Studies of wave packet dynamics often involve phase-selective measurements of coherent optical signals generated from sequences of ultrashort laser pulses. In wave packet interferometry (WPI), the separation between the temporal envelopes of the pulses must be precisely monitored or maintained. Here we introduce a new (and easy to implement) experimental scheme for phase-selective measurements that combines acousto-optic phase modulation with ultrashort laser excitation to produce an intensity-modulated fluorescence signal. Synchronous detection, with respect to an appropriately constructed reference, allows the signal to be simultaneously measured at two phases differing by 90 deg. Our method effectively decouples the relative temporal phase from the pulse envelopes of a collinear train of optical pulse pairs. We thus achieve a robust and high signal-to-noise scheme for WPI applications, such as quantum state reconstruction and electronic spectroscopy. The validity of the method is demonstrated, and state reconstruction is performed, on a model quantum system - atomic Rb vapor. Moreover, we show that our measurements recover the correct separation between the absorptive and dispersive contributions to the system susceptibility.

  16. Precise Spatiotemporal Control of Optogenetic Activation Using an Acousto-Optic Device

    PubMed Central

    Guo, Yanmeng; Song, Peipei; Zhang, Xiaohui; Zeng, Shaoqun; Wang, Zuoren

    2011-01-01

    Light activation and inactivation of neurons by optogenetic techniques has emerged as an important tool for studying neural circuit function. To achieve a high resolution, new methods are being developed to selectively manipulate the activity of individual neurons. Here, we report that the combination of an acousto-optic device (AOD) and single-photon laser was used to achieve rapid and precise spatiotemporal control of light stimulation at multiple points in a neural circuit with millisecond time resolution. The performance of this system in activating ChIEF expressed on HEK 293 cells as well as cultured neurons was first evaluated, and the laser stimulation patterns were optimized. Next, the spatiotemporally selective manipulation of multiple neurons was achieved in a precise manner. Finally, we demonstrated the versatility of this high-resolution method in dissecting neural circuits both in the mouse cortical slice and the Drosophila brain in vivo. Taken together, our results show that the combination of AOD-assisted laser stimulation and optogenetic tools provides a flexible solution for manipulating neuronal activity at high efficiency and with high temporal precision. PMID:22174813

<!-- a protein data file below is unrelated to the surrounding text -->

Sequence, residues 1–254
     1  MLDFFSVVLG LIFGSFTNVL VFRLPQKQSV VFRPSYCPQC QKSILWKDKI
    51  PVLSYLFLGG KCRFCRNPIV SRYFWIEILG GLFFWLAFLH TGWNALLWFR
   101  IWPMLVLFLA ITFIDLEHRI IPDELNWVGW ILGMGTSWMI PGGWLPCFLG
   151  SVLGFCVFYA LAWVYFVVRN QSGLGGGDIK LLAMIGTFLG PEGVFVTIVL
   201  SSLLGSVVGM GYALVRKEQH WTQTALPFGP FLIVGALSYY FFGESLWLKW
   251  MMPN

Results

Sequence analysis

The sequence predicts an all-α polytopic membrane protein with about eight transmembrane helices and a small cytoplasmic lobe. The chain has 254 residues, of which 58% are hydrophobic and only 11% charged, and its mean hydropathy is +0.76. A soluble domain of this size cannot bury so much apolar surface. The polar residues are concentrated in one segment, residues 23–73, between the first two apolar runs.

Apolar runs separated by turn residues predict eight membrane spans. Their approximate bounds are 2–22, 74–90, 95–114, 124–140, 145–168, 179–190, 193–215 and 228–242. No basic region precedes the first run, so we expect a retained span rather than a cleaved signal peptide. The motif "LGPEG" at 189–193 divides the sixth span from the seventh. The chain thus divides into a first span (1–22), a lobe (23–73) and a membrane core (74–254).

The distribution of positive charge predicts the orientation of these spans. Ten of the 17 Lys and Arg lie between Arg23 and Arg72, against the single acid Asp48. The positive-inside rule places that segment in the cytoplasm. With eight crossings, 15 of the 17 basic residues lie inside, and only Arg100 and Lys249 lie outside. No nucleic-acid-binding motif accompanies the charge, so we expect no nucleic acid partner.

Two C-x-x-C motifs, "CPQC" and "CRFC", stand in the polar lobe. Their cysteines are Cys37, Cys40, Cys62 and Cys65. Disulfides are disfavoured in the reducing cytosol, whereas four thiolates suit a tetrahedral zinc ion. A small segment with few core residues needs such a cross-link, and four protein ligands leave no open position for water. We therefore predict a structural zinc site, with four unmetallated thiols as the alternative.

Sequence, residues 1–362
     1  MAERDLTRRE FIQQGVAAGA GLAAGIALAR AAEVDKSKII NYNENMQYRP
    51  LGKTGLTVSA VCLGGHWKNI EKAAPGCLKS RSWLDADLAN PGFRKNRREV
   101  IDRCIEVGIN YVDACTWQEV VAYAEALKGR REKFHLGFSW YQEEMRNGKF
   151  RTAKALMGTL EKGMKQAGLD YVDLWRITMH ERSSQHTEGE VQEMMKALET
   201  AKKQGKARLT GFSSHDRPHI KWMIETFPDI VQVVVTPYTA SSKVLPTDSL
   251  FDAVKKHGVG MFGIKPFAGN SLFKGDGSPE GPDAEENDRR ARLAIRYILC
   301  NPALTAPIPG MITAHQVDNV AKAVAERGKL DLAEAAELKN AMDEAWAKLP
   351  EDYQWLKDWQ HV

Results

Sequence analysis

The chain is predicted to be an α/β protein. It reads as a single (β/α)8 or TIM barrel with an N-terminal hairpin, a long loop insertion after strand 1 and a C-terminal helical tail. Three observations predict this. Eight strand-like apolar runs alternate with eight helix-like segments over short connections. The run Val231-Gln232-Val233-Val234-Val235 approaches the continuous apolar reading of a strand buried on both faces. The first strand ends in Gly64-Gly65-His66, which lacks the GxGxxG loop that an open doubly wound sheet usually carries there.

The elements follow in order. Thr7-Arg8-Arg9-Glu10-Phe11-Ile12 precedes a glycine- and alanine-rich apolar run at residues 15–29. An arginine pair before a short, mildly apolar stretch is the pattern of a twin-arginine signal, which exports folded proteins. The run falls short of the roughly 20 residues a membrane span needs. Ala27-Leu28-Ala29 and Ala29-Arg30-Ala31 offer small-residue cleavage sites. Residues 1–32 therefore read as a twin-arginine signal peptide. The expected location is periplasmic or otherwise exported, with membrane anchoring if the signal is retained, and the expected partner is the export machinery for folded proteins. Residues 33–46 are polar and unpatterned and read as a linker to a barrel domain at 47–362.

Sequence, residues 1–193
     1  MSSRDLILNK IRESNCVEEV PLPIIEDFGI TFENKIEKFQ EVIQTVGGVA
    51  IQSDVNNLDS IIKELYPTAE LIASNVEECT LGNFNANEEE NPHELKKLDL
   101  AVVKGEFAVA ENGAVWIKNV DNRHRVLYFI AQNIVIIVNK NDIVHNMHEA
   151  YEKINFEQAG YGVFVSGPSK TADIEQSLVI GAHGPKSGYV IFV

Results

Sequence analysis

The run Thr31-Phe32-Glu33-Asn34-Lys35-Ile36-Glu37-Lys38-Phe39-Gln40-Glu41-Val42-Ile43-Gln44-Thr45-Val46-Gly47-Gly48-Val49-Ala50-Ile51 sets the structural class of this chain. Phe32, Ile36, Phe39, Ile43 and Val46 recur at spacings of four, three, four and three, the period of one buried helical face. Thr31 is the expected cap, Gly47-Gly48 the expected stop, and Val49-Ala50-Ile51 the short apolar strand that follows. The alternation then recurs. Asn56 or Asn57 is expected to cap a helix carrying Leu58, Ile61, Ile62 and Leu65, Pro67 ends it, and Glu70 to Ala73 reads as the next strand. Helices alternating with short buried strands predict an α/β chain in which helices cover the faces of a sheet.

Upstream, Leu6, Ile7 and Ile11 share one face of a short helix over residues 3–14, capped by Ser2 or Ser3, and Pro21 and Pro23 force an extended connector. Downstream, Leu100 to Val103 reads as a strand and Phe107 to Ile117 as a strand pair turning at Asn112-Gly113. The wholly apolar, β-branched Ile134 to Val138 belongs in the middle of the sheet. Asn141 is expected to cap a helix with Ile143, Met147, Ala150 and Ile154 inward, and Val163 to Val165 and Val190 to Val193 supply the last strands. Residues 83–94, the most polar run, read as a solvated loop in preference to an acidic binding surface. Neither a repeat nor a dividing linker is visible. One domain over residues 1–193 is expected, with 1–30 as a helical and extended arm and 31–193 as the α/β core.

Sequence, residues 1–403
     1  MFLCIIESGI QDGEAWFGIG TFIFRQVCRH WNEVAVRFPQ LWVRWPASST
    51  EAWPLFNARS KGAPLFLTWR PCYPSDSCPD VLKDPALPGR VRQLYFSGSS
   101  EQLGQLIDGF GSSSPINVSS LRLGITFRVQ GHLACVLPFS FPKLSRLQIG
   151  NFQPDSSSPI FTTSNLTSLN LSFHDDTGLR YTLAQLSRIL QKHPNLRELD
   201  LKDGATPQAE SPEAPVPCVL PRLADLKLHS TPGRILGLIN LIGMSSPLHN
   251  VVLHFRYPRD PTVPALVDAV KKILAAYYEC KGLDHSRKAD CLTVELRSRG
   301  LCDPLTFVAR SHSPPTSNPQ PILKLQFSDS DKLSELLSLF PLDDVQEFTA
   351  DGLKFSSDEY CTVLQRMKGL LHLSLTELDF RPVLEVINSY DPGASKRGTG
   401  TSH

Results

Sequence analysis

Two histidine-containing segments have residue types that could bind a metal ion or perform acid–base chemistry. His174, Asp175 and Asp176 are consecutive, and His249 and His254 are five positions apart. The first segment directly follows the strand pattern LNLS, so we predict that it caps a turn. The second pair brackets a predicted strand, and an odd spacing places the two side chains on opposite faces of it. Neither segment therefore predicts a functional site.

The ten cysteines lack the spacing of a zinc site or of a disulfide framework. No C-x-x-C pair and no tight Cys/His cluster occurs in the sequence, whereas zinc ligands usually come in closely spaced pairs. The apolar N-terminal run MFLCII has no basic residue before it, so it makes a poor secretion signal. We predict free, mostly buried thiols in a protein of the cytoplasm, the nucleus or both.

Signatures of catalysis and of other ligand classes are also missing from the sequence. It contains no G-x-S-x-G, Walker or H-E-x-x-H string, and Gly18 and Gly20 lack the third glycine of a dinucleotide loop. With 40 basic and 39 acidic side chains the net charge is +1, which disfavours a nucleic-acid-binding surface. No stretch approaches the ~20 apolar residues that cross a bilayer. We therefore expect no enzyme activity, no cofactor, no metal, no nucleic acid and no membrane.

17. Fluorescence micro-optical sectioning tomography using acousto-optical deflector-based confocal scheme

    PubMed Central

    Qi, Xiaoli; Yang, Tao; Li, Longhui; Wang, Jiancun; Zeng, Shaoqun; Lv, Xiaohua

    2015-01-01

    Abstract. Fluorescent labeling has opened up the possibility of clarifying the complex distribution and circuit wiring of specific neural circuits for particular functions. To acquire the brain-wide fluorescently labeled neural wiring, we have previously developed the fluorescence micro-optical sectioning tomography imaging system. This employs simultaneous mechanical sectioning and confocal imaging of the slices, and is capable of acquiring the image dataset of a centimeter-sized whole-mouse brain at a voxel resolution of 1  μm. We analyze the key optical considerations for the use of an acousto-optical deflector (AOD) scanner-based confocal detection scheme in this system. As a result, the influence of confocal detection, the imaging site during sectioning, and AOD fast scan mode on signal-to-background noise ratio are described. It is shown that mechanical sectioning to separate the slice and optical sectioning by confocal detection should be combined to maximize background suppression in simultaneous fast scan imaging while sectioning system setup. PMID:26793740

  18. Acousto-optic tunable filter for imaging application with high performance in the IR region

    NASA Astrophysics Data System (ADS)

    Valle, S.; Ward, J.; Pannell, C.; Johnson, N. P.

    2015-03-01